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Life with a dog in Nairobi

As you know, we have adopted a dog, Oreo. She is an amazing addition to our family and we are so happy to have her in our life. Life has been very good since her arrival.

We were cautious about getting a dog. We really wanted to make responsible choices and know what we were about to do. This is about family, after all.

We had Daisy in New York, and we knew that dog life would be quite different here. We needed to fully understand what being a responsible dog owner would require in Nairobi.

First I researched vets. There are a lot of great vets in Nairobi. We chose Dr. Cockar in the Rosslyn Lone Tree area.

Then, where to get the dog, and what dog? We thought through everything from breed to age to size. We determined that a slightly older dog (not a tiny puppy) would be best and one that would grow to be about mid-size (20 kg or 45 pounds more or less). The rest would be about temperament and fit with our lifestyle.

We decided a mixed breed rescue would be good for us and chose to go through TNR Trust. That is where we found Oreo. (FYI: You need to be very careful with breeders here (anywhere actually). If you choose to go that route, research very carefully and confirm that the breeder is part of the East African Kennel Club.)

At ten-and-a-half months and mid-sized Oreo fit the bill. It was love at first sight for us. She is so sweet. She’s a great cuddler, super smart, and doesn’t bark much. Bonus: she’s very energetic. We are active and like being out and about. I’m really happy to have a dog we can take regularly for hikes and runs in Karura or out to Navaisha for the day.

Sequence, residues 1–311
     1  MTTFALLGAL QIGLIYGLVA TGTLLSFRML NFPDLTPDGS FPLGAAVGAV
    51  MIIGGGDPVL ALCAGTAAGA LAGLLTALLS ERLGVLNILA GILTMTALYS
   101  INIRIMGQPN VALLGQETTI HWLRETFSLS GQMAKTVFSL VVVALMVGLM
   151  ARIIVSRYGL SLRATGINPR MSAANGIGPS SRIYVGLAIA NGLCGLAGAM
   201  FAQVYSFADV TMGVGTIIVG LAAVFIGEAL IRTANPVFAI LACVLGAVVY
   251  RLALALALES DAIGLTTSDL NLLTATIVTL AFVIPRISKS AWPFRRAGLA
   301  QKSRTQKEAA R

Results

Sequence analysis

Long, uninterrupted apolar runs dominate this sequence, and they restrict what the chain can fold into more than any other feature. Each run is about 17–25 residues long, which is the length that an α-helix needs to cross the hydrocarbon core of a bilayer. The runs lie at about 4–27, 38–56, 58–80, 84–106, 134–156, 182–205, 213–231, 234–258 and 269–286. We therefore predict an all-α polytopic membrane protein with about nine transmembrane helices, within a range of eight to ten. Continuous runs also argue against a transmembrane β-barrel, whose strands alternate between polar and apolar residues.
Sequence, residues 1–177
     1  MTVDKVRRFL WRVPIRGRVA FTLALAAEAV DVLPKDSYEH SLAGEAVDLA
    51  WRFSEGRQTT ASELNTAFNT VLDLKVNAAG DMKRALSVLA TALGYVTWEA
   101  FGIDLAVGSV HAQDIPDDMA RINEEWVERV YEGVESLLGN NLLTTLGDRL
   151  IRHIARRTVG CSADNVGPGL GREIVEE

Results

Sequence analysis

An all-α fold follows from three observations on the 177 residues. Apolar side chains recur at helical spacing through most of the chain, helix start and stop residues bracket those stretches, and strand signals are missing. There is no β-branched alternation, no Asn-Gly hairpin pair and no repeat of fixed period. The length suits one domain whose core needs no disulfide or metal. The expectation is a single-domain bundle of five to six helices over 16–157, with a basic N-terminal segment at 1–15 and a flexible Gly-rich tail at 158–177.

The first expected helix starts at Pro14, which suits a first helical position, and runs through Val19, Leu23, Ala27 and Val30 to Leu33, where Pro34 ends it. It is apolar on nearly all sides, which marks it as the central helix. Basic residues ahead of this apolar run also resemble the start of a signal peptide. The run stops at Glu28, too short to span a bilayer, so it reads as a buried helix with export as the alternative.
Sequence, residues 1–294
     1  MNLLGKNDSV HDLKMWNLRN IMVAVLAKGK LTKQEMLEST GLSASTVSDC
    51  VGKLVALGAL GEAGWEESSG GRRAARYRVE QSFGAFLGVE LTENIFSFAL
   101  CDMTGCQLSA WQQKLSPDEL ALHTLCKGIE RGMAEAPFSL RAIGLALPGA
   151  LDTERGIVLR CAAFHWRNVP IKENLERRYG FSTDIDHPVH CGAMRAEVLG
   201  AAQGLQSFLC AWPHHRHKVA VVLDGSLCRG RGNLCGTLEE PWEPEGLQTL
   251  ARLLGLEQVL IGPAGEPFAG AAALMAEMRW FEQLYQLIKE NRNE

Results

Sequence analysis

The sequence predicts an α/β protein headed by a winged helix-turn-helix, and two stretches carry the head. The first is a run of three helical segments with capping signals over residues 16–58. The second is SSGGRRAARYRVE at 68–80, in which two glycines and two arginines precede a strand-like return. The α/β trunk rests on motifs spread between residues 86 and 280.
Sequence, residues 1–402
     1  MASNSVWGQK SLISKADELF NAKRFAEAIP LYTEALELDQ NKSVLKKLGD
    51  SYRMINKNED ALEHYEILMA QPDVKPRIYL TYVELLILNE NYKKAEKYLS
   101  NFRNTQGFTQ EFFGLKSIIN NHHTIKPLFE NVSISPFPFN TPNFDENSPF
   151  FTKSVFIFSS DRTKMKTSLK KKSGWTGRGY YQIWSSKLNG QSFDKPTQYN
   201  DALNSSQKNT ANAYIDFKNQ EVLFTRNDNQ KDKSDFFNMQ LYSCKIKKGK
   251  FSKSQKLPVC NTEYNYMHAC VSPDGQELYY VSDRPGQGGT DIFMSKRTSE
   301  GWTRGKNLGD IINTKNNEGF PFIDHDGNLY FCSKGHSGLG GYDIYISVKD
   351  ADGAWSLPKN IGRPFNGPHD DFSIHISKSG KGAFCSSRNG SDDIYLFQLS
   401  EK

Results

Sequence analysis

Between time with us and our big garden, Oreo gets to be fairly active. It’s a strange thing for me…having all this outdoor space. I mean, I just open the door and let her out if she feels like running around. We have so much room to play out there.


It’s great! It’s something we didn’t have in New York. Oreo would not have done well there, not at this age anyway.

While lacking space, New York does offer a lot for dogs, including the ability to easily socialize your dog and lots of services. In Nairobi, it’s not so easy. You have to seek out opportunities to socialize and find services.

Luckily, there are more and more services popping up in the city.  I found a fantastic boarding facility, Yapperville. I also found a great spa and daycare place, VIP Spa in Kitisuru.

Socializing isn’t as easy. Most of the dogs in our neighborhood are not friendly. Thankfully, I have some friends with dogs and we plan to do regular playdates once Oreo can ditch the cone of shame (when her stitches from spaying are out). Also, there are restaurants that are dog friendly, such as Wasp & Sprout and River Cafe.

It’s only been three weeks since Oreo joined us. It’s hard to think of life before her. I’m sure that over time I’ll have more Oreo stories to share and more dog information to pass along.


Kenyan Elections

The elections are now set for October 26th. The drama level is rising, but things are still mostly peaceful. Mostly. Overall, the feeling is mixed.

Some people are very worried. Others are not worried at all. Just about everyone wants things to go smoothly and be able to move along with their lives regardless of the outcome.

I’m still optimistic about overall peaceful elections. We’ll see what happens. 

Note: I have no opinion on either candidate and no opinion in regard to the outcome of the election.

The Great Migration

Not to be confused with the people migration that happens in Nairobi every year, this is the real Great Migration. We got to experience it on our trip to the Mara. So, what is it?

The Great Migration is the mass migration of wildebeest, zebra, and other animals such as gazelle and impala. The animals move, sort of following the rains, to get to better pastures and drinking water. They move between Serengeti National Park in Tanzania and the Maasai Mara National Reserve in Kenya. Of course, animals don’t care about political borders and the Serengeti and Mara are the same stretch of land. So, it’s a mass migration across this vast area.

Timing varies depending on the rains but usually peak time is in August. (I don’t recommend going in August as the park will be teeming with obnoxious tourists. More on that in a future post.) We got to see it in mid-July this year as the herds crossed from the Mara to the Serengeti.